Character in Business – How to Achieve It
Character in Business – How to Achieve It
By Elizabeth L Hamilton
Character in business draws great attention in its absence, but how important is its presence? We who are decision makers have little time to consider moral values in the fast-paced world of commerce. Forced to act quickly, we may pass over the moral implications of an action we are about to take. Gradually, we may give high moral values diminishing amounts of attention. Then someone shines light on an unethical practice, and we realize that it is vital to achieve a high level of character in business.
Build Proper Foundations
Character in business is critical from the very inauguration of a company. As an organization’s founders, we must value high morals and inject them strategically into the groundwork. We must ensure that company bylaws, mission statements, and goals all are ethically strong. We must lay strong moral foundations throughout if we hope to have character in business. We cannot expect to erect an ethical company on unethical or ethically flawed foundations.
Build a Strong Infrastructure
Professor Dennis Moberg, nationally respected scholar of management ethics, and holder of the Gerald and Bonita Wilkinson Chair of Management and Ethics at Santa Clara University, knows a lot about character in business. It is his main field of research.
Professor Moberg says that ethics must become instinctive for an organization’s leadership. He believes the exercise of high moral values must begin with leadership to achieve critical character in business.
Suppose we agree with Moberg. Suppose you and all other leaders in your organization begin by building personal moral values. What can you as a leader do after that to achieve character in business?
Hire Ethical Attitudes
If you as a leader are determined to achieve character in business, you will labor at the outset to hire the best possible employees for your company. Whether you are hiring custodians or accountants, you will look for the best. You will carefully interview potential candidates for indications of impressive skills and experience, of course, but you will not hire solely on the basis of abilities.
You will look at attitudes as well. What is so important about attitudes? Several studies done at Harvard and Stanford Universities found that attitude is far more important to success than an individual’s education, experience, intelligence, or special talents!
Their research showed:
· As much as 85% of success was due to attitudes
· As little as 15% of success was due to abilities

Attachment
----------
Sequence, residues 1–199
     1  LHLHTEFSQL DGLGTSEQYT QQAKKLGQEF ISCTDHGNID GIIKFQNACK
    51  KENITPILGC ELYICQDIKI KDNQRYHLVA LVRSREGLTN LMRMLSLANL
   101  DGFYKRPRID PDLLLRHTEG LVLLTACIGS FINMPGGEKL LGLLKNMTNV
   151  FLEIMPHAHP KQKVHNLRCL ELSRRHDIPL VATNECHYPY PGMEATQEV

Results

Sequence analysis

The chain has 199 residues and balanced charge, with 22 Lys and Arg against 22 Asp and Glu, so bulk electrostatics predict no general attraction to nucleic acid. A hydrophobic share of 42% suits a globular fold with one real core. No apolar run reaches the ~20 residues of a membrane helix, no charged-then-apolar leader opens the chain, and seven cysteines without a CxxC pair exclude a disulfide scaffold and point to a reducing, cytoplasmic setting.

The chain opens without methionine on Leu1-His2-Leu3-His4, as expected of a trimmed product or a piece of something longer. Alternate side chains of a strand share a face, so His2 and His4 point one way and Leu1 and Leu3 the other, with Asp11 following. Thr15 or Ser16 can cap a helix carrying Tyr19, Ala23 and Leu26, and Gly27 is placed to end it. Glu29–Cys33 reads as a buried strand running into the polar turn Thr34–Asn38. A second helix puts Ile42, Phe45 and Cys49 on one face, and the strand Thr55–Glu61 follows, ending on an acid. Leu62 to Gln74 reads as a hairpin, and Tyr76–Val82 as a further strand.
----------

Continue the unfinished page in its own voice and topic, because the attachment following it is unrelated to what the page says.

Did they mean positive attitudes? Is that what you must find to ensure the success of potential employees and, in turn, the success of your company – positive attitudes?
Hardly. The exercise of a positive attitude by every employee is not a guarantee that you will achieve character in business. We read often about people whose positive attitudes cause them to bankrupt a company through fraud. They were positive they could succeed, but their goals were white-collar crime.
Character in business demands positive attitudes produced by ethical attitudes.
Ethical attitudes are positive because they feed on such high moral values as diligence, determination, confidence, perseverance, responsibility, resourcefulness, trustworthiness, efficiency, and respect. Ethical attitudes refuse negativity with moral values such as joy, love, peace, compassion, and friendliness.
As you wrestle with the tactical need to attract and keep the most effective workers, you will want to look for applicants with ethical attitudes. You will reckon with the fact that skills matter far less than character in business.
Require Character in Business Connections
Character in business demands integrity and trustworthiness in every relationship. You must require character in business connections:
· Within your company. Leadership and employees must learn to understand and exercise appreciation for one another. You will want everyone to exercise kindness, cooperation, consideration, sincerity, self-control and more in their interactions with one another. Backstabbing must be taboo. There must be no gossiping at the water cooler. You will want to strive, instead, for a close-knit, caring atmosphere. High moral values smooth relationships and increase productivity.
· With vendors. Vendors, or suppliers, provide goods or services to your company. You must be sure everyone in your company treats them with integrity and honesty. You must show them respect, flexibility, and tolerance. There must be no cheating on orders or payments. Fighting with vendors is not a luxury you can afford. You will maintain good relationships with them if you exercise forgiveness when errors are made and commitment to your contracts with them.
· With customers. These people are the lifeblood of your company. Contrary to the timeworn saying, the customer is not always right, but the success of your organization rests squarely on the relationships you have with customers. If they stop wanting to buy your products or services, you will have to close your doors. You will want to be sure your employees take that to heart, and show great respect for customers. Every member of your team must exercise toward every customer traits such as attentiveness, dependableness, gentleness, truthfulness, patience, trustworthiness, and tactfulness.
Character in business is not automatic. You must work at it. The benefits, however, are well worth the time and effort you invest.
� 2010, Elizabeth L Hamilton. Elizabeth invites you to read more about character in business at http://character-in-action.com. Elizabeth has posted many articles on that site about building moral values. If you would like to read about character in business dealings, you won’t want to miss her article on that subject.